God calls each of us to be a river of life for others. Chastity liberates that flow; sourced in Christ and no longer sidelined by fear and lust, we grow into channels of pure, creative energy. The river’s end? To build up Christ’s body, one member to another.
It is radically simple, as anyone who attends a Living Waters-like group can attest. We gather in order to overcome sins against chastity then discover that the light of Love is routing dark motives and acts. Forgiven by Jesus, He then asks us to be His rays of light for others. What guides us is the other’s good; grace welling up from Truth frees us to deny ourselves for what is best for another. Then, as the Spirit guides and empowers, we summon that good in our brother or sister.
This is the training ground for true friendship. ‘The virtue of chastity blossoms in friendship’ (#2347) exudes the catechism, and such life-giving friendship is the basis for all other relationships. We must grasp this: chaste friendship, governed by robust self-giving aimed at the other’s good—is the foundation of all other loves. That applies to singles who would love not to be, for marrieds (yes, chastity applies as much to the sexually active as to the abstinent) and to persons who became celibate in response to God’s invitation to devoted partnership (#2349).
In each of these states of life, God calls us to rejoice in our sexual longings and with inspired self-control to become a gift that enhances the gift of another. Our greatest temptation may not be surging waters of desire that drown another but rather a neurotic fear of doing so that keeps us isolated. In the words of Aquinas, ‘asexuality’, more than temperate desire, ‘is the moral defect.’ The exuberant chaste soul feels many things but chooses the one thing—another’s good.
We can witness the other virtues at work in chaste friendship. Pieper highlights prudence—the mature ability to make right decisions–as essential to friends who seek to see the truth and act clearly on it. In other words, a wise friend, governed by love and a truthful vision of the other, will help him or her make true decisions. These may well be in service of clarifying who (s)he is as gender ‘gift’ and in helping him or her offer it without compromise. Prudent friendship seems an important antidote to the ‘spiritual friendship’ group who lose the truth each time they reinforce the ‘gay self’ as intrinsic to the friend at hand.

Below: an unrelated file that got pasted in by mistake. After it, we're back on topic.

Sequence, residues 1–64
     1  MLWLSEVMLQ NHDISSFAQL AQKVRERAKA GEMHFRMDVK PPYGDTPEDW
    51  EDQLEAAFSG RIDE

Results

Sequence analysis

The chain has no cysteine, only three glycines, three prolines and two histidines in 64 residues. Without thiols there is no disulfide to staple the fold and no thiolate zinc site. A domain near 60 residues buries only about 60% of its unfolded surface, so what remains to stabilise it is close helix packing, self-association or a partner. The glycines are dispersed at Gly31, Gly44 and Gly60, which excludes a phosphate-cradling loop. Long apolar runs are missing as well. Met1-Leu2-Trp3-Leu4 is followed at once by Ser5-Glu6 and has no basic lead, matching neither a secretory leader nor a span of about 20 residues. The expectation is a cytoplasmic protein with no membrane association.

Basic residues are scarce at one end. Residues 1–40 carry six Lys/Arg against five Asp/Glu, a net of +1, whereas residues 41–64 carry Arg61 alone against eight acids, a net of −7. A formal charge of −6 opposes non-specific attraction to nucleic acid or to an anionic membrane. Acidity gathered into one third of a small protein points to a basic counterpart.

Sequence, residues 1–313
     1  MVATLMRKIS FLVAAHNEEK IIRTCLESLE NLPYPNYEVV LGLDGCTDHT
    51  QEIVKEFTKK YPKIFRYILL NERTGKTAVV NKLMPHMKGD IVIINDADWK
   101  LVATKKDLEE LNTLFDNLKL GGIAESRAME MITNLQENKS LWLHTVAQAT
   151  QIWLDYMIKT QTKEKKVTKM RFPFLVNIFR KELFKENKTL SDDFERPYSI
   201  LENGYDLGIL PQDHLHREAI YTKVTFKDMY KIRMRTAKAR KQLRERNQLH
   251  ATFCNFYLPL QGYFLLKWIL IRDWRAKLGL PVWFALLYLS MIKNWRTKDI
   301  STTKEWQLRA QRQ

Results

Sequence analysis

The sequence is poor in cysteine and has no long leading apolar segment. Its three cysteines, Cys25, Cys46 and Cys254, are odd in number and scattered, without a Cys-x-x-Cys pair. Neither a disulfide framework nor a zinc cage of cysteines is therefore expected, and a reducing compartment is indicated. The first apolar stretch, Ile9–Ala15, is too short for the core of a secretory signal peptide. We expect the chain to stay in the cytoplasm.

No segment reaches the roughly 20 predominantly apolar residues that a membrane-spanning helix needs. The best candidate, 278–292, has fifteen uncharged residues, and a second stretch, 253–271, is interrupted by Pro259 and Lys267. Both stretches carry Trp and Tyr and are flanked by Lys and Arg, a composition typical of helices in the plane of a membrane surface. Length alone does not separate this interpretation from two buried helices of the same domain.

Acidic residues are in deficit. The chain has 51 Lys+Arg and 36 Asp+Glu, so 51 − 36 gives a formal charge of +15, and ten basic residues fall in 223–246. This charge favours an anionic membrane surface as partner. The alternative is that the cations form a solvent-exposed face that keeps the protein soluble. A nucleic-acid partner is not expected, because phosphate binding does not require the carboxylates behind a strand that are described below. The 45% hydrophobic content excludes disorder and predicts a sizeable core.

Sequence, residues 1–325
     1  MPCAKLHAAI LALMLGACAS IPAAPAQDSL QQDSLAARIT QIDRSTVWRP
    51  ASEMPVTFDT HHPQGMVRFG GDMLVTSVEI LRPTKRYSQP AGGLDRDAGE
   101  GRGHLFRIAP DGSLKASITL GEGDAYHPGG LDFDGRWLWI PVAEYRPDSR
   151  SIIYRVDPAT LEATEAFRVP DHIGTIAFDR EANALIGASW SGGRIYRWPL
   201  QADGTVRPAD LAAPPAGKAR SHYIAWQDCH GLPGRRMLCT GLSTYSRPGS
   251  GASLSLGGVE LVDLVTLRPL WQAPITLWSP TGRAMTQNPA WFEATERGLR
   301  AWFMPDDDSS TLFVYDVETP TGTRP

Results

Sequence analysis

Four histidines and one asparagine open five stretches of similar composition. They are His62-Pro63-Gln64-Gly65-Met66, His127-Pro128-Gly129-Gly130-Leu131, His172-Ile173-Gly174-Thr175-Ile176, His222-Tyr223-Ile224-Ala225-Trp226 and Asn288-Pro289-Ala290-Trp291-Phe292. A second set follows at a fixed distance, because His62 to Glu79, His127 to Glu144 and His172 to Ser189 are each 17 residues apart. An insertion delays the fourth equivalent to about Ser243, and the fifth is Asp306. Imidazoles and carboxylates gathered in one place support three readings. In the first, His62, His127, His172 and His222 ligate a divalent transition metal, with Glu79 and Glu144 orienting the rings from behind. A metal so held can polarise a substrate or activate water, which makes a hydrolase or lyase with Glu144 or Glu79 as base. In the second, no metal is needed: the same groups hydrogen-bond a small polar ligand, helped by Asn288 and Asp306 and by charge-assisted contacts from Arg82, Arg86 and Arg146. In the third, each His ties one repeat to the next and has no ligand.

Temperance obviously comes to play in chaste friendship. That can apply as much to moderating positive desire as it does negative feelings. For example, one may be tempted to disdain a friend due to character defects. Self-control helps one to not reject but rather to wisely engage the friend for the sake of self-awareness and growth in holiness. And if non-marital friendship should awaken sexual desire then self-control helps one elevate that desire to holy love, which insists on the other’s good. Wise and good boundaries protect friendship (and the dignity of the friend and his/her loved ones) from one’s still-being-integrated desires. Friendship can still thrive as we become chaste, each of us a work-in-progress.
For this we need fortitude. How essential this virtue in forming good friendships! We who have experienced rejection and fear and sexual confusion in friendship need the will and Spirit to persevere. Pieper writes beautifully: ‘Because man is vulnerable, he can be brave.’ Every Christian is vulnerable to one’s gift being rejected. For this we can choose to put ‘on Christ’ and unite our losses to Himself, confident that He who created us is ever-beautifying the gift we are. We can hold fast to that truth, especially when fallen creatures inform us otherwise.
Let’s not allow anyone to block the stream flowing from the Source through these pretty good vessels. He made us to engender life in others. Where we are, the river is.
‘Now that you have purified yourselves by obeying the truth so that you have sincere love for your brothers and sisters, love one another deeply from the heart’ (1P 1:22).
‘Father, thank You for releasing “streams of living water within us” (John 7:38) in order to make us sources of Your gift of life. May our friendships reflect this gift-giving. Grant us the prudence, the temperance and the fortitude to build fruitful friendships. Build up Your body as we Your people build up one another.’